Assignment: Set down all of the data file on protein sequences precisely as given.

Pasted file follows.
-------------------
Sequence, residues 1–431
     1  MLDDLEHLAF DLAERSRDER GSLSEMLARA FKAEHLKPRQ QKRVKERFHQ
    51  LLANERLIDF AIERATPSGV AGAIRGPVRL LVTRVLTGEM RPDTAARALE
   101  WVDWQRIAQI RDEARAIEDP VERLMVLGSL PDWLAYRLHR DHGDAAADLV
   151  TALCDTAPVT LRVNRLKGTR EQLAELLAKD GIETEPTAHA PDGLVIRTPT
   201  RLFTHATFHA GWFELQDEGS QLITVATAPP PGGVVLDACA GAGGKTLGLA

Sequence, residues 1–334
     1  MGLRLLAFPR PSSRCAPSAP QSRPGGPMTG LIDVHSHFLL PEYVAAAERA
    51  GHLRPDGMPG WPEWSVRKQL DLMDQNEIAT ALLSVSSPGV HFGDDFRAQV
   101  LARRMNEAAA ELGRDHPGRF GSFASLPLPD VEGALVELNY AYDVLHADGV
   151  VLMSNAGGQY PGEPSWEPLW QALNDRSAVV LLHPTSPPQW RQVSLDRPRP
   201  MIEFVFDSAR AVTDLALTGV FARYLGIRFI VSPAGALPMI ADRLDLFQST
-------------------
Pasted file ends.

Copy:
Sequence, residues 1–431
     1  MLDDLEHLAF DLAERSRDER GSLSEMLARA FKAEHLKPRQ QKRVKERFHQ
    51  LLANERLIDF AIERATPSGV AGAIRGPVRL LVTRVLTGEM RPDTAARALE
   101  WVDWQRIAQI RDEARAIEDP VERLMVLGSL PDWLAYRLHR DHGDAAADLV
   151  TALCDTAPVT LRVNRLKGTR EQLAELLAKD GIETEPTAHA PDGLVIRTPT
   201  RLFTHATFHA GWFELQDEGS QLITVATAPP PGGVVLDACA GAGGKTLGLA

Sequence, residues 1–334
     1  MGLRLLAFPR PSSRCAPSAP QSRPGGPMTG LIDVHSHFLL PEYVAAAERA
    51  GHLRPDGMPG WPEWSVRKQL DLMDQNEIAT ALLSVSSPGV HFGDDFRAQV
   101  LARRMNEAAA ELGRDHPGRF GSFASLPLPD VEGALVELNY AYDVLHADGV
   151  VLMSNAGGQY PGEPSWEPLW QALNDRSAVV LLHPTSPPQW RQVSLDRPRP
   201  MIEFVFDSAR AVTDLALTGV FARYLGIRFI VSPAGALPMI ADRLDLFQST